Scientists have created a super pangenome that captures the complete genetic diversity across multiple potato species to identify genetic traits that can help improve its resilience and nutritional quality. The researchers analyzed data from public data banks, including gene banks in Canada, the US and Peru.
The pangenome includes genome sequences of 296 varieties of potatoes and wild versions of 60 species. The researchers note this is the “most extensive collection of genome sequence data for the potato and its relatives to date.”
“By compiling this data representing the vast genetic variation of potato and its wild relatives, we are hoping to inform work to improve potato germplasm for climate-resilience and for safeguarding food security,” author Martina Strömvik, Ph.D. and associate professor at McGill University, Canada, tells Food Ingredients First.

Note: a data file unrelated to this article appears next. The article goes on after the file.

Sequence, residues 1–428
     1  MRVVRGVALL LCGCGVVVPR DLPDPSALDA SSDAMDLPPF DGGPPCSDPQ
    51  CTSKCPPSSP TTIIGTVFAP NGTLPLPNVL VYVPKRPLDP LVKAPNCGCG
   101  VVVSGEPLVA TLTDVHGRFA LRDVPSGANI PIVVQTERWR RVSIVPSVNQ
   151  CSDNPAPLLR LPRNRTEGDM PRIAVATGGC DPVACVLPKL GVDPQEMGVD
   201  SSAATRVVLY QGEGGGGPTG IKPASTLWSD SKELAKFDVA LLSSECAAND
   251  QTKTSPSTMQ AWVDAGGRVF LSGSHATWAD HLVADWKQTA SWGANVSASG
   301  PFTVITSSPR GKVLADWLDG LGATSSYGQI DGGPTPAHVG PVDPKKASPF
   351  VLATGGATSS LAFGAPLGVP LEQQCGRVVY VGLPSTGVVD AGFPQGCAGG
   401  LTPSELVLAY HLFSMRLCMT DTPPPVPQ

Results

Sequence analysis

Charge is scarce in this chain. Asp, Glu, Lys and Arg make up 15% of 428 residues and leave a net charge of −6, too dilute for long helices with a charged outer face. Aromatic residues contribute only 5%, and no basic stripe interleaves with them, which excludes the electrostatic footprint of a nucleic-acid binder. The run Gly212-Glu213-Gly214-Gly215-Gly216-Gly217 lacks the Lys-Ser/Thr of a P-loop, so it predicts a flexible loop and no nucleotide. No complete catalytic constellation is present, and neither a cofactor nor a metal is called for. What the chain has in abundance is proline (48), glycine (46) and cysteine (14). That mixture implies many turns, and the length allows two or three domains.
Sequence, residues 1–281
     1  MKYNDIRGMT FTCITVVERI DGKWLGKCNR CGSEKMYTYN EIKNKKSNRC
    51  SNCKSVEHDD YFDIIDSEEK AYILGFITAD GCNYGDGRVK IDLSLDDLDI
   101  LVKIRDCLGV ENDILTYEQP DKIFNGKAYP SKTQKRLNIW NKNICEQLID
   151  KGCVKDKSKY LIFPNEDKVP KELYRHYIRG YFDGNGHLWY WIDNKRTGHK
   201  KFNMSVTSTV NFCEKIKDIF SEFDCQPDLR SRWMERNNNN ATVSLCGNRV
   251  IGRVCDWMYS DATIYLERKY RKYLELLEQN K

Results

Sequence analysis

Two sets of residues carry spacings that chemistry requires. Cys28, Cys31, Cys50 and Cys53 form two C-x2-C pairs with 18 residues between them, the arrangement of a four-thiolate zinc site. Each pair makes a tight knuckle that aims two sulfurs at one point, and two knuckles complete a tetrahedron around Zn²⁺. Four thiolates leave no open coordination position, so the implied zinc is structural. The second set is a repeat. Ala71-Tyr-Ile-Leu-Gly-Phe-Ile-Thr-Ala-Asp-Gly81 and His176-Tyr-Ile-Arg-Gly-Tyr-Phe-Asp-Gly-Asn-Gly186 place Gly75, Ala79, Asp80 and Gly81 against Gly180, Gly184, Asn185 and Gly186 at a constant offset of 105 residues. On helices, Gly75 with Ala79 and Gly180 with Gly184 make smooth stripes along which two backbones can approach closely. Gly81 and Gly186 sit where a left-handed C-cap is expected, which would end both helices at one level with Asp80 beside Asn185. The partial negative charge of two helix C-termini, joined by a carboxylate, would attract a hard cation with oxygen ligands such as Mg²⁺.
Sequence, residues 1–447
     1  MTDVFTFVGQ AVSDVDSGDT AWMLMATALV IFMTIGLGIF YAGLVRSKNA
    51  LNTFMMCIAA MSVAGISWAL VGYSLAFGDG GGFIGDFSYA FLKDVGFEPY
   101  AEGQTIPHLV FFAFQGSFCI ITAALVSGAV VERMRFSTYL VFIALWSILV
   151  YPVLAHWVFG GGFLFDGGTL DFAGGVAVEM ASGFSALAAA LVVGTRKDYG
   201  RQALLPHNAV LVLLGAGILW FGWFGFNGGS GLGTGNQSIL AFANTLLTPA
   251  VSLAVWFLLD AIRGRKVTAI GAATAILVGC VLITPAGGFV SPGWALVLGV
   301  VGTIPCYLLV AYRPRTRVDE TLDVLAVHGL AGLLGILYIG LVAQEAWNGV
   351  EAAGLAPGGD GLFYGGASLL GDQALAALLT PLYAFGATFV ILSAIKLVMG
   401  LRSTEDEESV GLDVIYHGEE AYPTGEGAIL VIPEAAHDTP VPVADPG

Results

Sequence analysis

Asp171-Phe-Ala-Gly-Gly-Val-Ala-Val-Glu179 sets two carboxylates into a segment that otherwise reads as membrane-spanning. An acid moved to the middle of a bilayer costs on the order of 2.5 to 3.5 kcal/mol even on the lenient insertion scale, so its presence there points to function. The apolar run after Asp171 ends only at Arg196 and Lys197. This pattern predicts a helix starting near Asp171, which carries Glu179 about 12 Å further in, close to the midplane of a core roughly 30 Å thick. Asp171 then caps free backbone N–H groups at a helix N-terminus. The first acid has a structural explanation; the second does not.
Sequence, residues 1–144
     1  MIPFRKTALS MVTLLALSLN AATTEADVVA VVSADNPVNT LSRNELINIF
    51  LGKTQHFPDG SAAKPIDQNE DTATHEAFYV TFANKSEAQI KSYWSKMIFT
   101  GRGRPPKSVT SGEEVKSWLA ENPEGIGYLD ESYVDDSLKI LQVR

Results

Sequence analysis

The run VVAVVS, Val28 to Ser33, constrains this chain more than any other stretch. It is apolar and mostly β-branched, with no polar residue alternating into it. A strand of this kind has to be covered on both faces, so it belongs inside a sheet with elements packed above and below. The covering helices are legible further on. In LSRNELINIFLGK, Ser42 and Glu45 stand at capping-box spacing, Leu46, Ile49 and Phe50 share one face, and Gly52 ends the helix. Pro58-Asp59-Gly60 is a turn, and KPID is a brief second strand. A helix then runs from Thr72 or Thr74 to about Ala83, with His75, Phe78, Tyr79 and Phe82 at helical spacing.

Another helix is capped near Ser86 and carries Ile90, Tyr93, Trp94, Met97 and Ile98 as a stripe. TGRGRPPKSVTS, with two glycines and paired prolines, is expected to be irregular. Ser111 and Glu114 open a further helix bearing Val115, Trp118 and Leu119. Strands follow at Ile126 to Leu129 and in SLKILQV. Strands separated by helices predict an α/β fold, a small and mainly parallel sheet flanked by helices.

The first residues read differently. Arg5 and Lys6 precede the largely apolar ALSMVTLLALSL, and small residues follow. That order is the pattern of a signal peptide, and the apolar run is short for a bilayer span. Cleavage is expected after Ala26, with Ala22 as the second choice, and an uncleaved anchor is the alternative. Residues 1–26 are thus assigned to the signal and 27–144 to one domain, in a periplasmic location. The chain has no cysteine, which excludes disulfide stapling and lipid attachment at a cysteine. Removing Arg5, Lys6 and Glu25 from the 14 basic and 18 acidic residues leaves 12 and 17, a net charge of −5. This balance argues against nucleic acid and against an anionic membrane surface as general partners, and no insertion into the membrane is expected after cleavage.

The researchers highlight that the super pangenome could help identify specific genes to create a “super spud” through traditional breeding or gene editing technology.
The researchers built the potato super pangenome on 60 out of roughly 110 potato species.“Potato has been selected for beneficial traits and occasionally crossed with wild species since its domestication 10,000 years ago,” adds Strömvik.
“With the amount of sequence data now available and with the type of computational sequence analyses we can do, potato improvement approaches using wild species can be more targeted to genetic information we find in wild species.”
Source: Food Ingredients First. Read the full story here
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